A powerful Chianti with characteristics that remind me of a high end Super Tuscan. It is bold with deep and concentrated red fruits. The dusty French oak tannins mingle with the almost chewy grape tannins. A gentle acidity delicately holds the wine together while really showcasing those other bold flavors.

By: Ryan Moses | K&L Staff Member | Review Date: 8/21/2018 | Send Email
A tiny 300 case lot coming from the Rancia hill, this is about as prestigious as Chianti gets. Deep red plum, fine french oak, and menthol combine for complex aromas that lead to a palate full of a cacophony of red fruit, mouthwatering acidity, and a balance of wood and fruit tannin. The texture is a masterpiece - seamless without an edge to be found, an incredibly purity and refinement rarely seen in Chianti. I've adored most everything coming from Felsina in 2013 and this is no exception. It's not inexpensive, but when compared to other pure Sangiovese collectibles like Flaccianello or Testamatta, it will more than hold its own.

By: Joe Manekin | K&L Staff Member | Review Date: 8/21/2018 | Send Email
The big boy in the Felsina stable, this newest entrant is like their famous Rancia bottling, but stacked with more intensity, structure and extract. Lots of fruit, but plenty of savory notes as well. The vineyard used for this bottling is in fact located up above Rancia, and apparently delivers a powerful bottle of wine that demands some time in the cellar -I'd love to see how it is drinking a decade from now.

Additional Information:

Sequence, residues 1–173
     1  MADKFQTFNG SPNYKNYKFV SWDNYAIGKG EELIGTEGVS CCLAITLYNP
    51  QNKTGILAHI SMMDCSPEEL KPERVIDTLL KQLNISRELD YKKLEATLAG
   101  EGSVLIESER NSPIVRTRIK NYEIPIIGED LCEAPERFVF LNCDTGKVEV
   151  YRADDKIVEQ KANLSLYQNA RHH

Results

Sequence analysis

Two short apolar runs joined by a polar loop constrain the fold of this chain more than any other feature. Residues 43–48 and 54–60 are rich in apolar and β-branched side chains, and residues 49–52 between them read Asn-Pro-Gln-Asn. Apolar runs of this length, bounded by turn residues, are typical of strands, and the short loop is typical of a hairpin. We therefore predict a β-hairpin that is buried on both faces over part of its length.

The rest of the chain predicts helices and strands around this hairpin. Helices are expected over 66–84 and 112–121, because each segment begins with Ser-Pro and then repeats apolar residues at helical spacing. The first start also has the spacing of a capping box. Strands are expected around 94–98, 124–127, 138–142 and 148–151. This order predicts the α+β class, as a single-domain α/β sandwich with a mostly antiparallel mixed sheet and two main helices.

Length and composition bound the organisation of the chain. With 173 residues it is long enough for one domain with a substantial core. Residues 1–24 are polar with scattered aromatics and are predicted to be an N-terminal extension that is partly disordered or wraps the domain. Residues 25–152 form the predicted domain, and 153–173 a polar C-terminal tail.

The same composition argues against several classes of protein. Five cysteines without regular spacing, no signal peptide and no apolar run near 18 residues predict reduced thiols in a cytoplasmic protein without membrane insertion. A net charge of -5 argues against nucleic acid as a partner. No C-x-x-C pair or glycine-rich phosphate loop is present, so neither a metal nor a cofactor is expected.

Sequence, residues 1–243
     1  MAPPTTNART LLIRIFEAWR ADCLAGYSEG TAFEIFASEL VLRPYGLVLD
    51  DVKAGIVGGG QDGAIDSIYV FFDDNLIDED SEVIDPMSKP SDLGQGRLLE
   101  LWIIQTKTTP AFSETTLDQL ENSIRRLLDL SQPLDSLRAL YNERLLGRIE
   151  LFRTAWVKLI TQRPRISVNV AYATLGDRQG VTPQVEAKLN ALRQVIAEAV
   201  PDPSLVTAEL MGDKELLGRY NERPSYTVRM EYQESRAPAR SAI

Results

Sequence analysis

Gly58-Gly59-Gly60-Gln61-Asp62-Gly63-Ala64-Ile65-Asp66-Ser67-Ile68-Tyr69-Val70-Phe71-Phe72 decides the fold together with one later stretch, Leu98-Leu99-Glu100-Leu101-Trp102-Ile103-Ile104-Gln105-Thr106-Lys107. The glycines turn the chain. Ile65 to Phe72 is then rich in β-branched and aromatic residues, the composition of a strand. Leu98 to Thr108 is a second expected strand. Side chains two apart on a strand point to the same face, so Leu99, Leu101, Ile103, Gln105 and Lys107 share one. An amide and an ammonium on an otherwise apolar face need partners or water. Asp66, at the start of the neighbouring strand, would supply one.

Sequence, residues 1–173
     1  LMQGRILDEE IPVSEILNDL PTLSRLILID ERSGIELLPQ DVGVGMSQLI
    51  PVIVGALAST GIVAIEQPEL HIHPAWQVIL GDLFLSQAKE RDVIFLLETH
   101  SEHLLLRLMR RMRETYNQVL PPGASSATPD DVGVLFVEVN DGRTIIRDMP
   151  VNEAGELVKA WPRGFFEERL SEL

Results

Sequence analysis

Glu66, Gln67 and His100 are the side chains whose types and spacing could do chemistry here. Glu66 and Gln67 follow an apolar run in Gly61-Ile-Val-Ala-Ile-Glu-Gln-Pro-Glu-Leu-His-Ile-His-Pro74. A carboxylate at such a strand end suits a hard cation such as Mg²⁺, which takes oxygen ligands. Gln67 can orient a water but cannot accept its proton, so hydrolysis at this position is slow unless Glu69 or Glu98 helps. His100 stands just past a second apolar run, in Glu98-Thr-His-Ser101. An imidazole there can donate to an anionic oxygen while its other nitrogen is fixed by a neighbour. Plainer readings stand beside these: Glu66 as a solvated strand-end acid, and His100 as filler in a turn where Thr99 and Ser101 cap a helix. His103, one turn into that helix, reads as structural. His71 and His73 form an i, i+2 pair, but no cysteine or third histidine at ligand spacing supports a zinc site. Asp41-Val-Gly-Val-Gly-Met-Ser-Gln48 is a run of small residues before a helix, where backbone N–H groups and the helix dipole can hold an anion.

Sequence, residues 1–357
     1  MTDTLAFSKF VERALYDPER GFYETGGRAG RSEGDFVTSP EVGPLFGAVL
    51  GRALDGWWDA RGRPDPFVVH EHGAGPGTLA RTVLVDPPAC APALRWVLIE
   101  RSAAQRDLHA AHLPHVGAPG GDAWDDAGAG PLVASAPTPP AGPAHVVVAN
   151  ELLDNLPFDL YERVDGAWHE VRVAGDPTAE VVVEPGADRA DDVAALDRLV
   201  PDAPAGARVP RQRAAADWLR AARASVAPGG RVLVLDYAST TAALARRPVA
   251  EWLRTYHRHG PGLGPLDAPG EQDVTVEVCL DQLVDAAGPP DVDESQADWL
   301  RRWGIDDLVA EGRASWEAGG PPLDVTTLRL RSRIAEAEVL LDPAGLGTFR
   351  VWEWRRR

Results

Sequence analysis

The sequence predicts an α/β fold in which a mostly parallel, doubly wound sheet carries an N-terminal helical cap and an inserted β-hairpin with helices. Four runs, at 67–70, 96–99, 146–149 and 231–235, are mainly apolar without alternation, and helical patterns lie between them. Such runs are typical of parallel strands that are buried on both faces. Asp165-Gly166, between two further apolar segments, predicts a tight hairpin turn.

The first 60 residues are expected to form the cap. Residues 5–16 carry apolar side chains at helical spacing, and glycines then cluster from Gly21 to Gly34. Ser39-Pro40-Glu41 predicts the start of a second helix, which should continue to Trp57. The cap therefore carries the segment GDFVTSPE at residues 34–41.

- The most widely planted grape in Italy is Sangiovese, a high-acid grape with moderate to high tannins, apparent earthiness and subtle fruit. It is thought to have originated in Tuscany and its name, which translates to "blood of Jove," leads historians to believe it may date all the way back to the Etruscan period, though historical mentions only go as far back as the early 1700s. Though planted all over modern Italy, the most significant wines made from Sangiovese still come from Tuscany: Chianti and Brunello di Montalcino. Sangiovese must make up 75% of a blend from the Chianti DOCG t be labeled as such, traditionally allowing for Canaiolo, Trebbiano and Malvasia for the remainder, though more recently small proportions of Cabernet Sauvignon or Merlot have been allowed. In Brunello di Montalcino the wine must be made entirely of Sangiovese. Prugnolo is Montepulciano's name for Sangiovese, and it is used there for the Vino Nobile di Montepulciano wines. In the DOC of Carmignano Sangiovese can be blended with 20% Cabernet Sauvignon. There are also Super Tuscans, IGT wines that blend Sangiovese with large proportions of Cabernet or Merlot. Elsewhere in Italy it is a workhorse grape, though it does find some success (though not the longevity) in the Montefalco and Torgiano wines of Umbria as well as the foundation of Rosso Piceno and a significant element of Rosso Conero from the Marches. Like Nebbiolo, Sangiovese has struggled to find footing outside of Italy, though in recent years California wineries have been having better fortune with grape plantings in the Sierra Foothills/El Dorado County, as well as Sonoma County and the Central Coast.